We had the distinct privilege of sitting down with Nikki Curtis, Head of Sales Enablement at Slack, to talk shop. It became immediately apparent to us that with Nikki, ‘talking shop’ meant discussing what she’s most passionate about enabling her people to be their best.

An identified “corporate teacher,” Nikki comes from a family almost entirely made up of school teachers, including both her parents, brother, sister-in-law and aunts and uncles. Teaching is in her DNA. After a stint in Washington D.C, she packed up her life and headed to the tech capital of the world, San Francisco, and landed an entry-level sales role at Salesforce, which jump-started her “corporate teaching” career and love of technology.

ONE:  “I basically, for lack of a better word, hustled”

Nikki’s passion for Sales Enablement was ignited when she started winning internal competitions for best presentations, best customer stories, and who was best at selling The Message at Salesforce. She wanted to share her success with her peers and didn’t let the lack of positions available stop her.

“There actually wasn't a role in sales productivity at Salesforce and so I basically, for lack of a better word, hustled.”  She met with everyone on the team who might one day become her boss and asked for homework to help her level up.   “I did all this research on LMS systems because that's really the only interface you had for the sales team’s onboarding. I would always volunteer to help during these training sessions and about six months later, my boss responded — I've never had someone pester me more, we'll give you a job.”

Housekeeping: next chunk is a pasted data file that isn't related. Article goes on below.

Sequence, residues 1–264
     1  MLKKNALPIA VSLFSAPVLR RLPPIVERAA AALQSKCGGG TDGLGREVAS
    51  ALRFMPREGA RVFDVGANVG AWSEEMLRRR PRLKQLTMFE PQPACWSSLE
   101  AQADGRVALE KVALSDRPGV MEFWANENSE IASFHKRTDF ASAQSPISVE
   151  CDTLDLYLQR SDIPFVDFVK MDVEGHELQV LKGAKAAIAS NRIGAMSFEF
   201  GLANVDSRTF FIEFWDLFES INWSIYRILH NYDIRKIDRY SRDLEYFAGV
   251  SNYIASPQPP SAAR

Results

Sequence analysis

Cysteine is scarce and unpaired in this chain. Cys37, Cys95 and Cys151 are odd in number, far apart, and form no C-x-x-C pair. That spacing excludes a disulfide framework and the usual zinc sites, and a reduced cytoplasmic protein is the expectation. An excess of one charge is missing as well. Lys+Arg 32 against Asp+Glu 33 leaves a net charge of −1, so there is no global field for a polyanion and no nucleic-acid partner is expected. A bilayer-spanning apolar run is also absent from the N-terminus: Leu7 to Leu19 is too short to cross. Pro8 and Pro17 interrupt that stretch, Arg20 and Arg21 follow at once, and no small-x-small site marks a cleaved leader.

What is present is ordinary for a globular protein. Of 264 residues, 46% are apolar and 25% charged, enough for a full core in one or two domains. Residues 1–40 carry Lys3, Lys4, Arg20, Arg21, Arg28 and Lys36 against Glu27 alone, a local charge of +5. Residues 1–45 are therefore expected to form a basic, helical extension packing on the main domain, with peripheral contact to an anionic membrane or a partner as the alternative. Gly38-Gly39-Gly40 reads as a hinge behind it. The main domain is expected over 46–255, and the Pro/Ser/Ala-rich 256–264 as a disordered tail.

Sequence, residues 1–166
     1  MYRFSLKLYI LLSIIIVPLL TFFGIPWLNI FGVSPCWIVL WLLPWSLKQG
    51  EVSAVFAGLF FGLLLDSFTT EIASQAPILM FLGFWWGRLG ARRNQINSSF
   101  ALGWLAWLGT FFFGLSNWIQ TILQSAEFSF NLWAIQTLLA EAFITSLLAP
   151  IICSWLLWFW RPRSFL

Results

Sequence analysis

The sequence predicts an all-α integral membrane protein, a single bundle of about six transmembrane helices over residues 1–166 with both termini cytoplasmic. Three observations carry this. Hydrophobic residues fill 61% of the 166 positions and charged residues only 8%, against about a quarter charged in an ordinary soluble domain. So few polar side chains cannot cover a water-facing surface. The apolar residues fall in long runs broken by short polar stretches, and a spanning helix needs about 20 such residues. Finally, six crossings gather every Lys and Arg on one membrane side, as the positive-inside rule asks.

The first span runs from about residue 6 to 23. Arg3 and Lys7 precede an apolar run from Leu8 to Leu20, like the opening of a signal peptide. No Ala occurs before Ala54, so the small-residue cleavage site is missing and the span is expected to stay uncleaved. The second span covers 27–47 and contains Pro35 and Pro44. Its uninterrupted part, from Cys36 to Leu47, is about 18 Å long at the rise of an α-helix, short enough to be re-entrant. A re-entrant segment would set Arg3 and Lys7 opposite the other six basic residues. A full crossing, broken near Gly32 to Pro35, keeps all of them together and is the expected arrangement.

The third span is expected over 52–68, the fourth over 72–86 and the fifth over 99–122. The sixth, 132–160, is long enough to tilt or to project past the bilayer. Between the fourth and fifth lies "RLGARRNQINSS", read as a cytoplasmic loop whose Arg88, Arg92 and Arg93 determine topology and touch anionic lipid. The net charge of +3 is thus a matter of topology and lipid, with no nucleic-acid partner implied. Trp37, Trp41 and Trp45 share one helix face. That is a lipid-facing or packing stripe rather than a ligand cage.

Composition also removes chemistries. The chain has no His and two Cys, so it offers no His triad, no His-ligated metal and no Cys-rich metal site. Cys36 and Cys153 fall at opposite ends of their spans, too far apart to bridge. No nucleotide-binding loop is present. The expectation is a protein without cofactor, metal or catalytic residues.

Nikki’s drive led to her rapid success — by her mid-twenties, she was running global onboarding during a hyper-growth period at Salesforce. She stepped into that role when the existing instructor went on mat leave. Twice a month, anywhere from 50 to 150 people would attend onboarding classes, and when the opportunity came up to fill the leadership gap, Nikki leapt at the opportunity.

She’s continued to flourish and evolve since.

TWO: “Invest in the person, not the numbers”

As an enablement leader Nikki cares about two things:

  1. How do we protect salespeople's time
  2. Empowering the sales team to hit their targets

The two go hand in hand.  As Nikki puts it, “If you really invest in the person they feel so much more invested in the end result. They feel invested in the team, they feel invested in the company, so they're naturally going to work harder. They're going to produce more.”  Allowing people to feel like they're doing it for something greater than themselves will produce that push within the team.

How Nikki invests in people matters just as much as the goals of her organization. To put it into context, Nikki found that she could achieve productive authenticity by prioritizing the individual and being transparent with data. To this day, this approach enables her to have open and honest conversations with the people who learn from that data and are ultimately responsible for executing effective strategies based on that learning.

“I go very much back to data. That's where I live and breathe. What's going to give us the most revenue, where are we going to  see the biggest impact and when you're talking in those kinds of terms, if you take the emotion out, then it's really easy to get there and your folks know, "  Alright, hey, if our goal was to get this much adoption then we're all just gonna brainstorm on how we get there and it's not gonna be personal. It’s not about whose idea we pick or don't pick because it's really around what are we going to see to get the best result."

However,  if you only invest in the number, people start to believe, "Alright, it's every man for themselves.  I just have to hit my target," and then they're not invested in the whole company — that's when you get a lot of turnover within the sales organization.”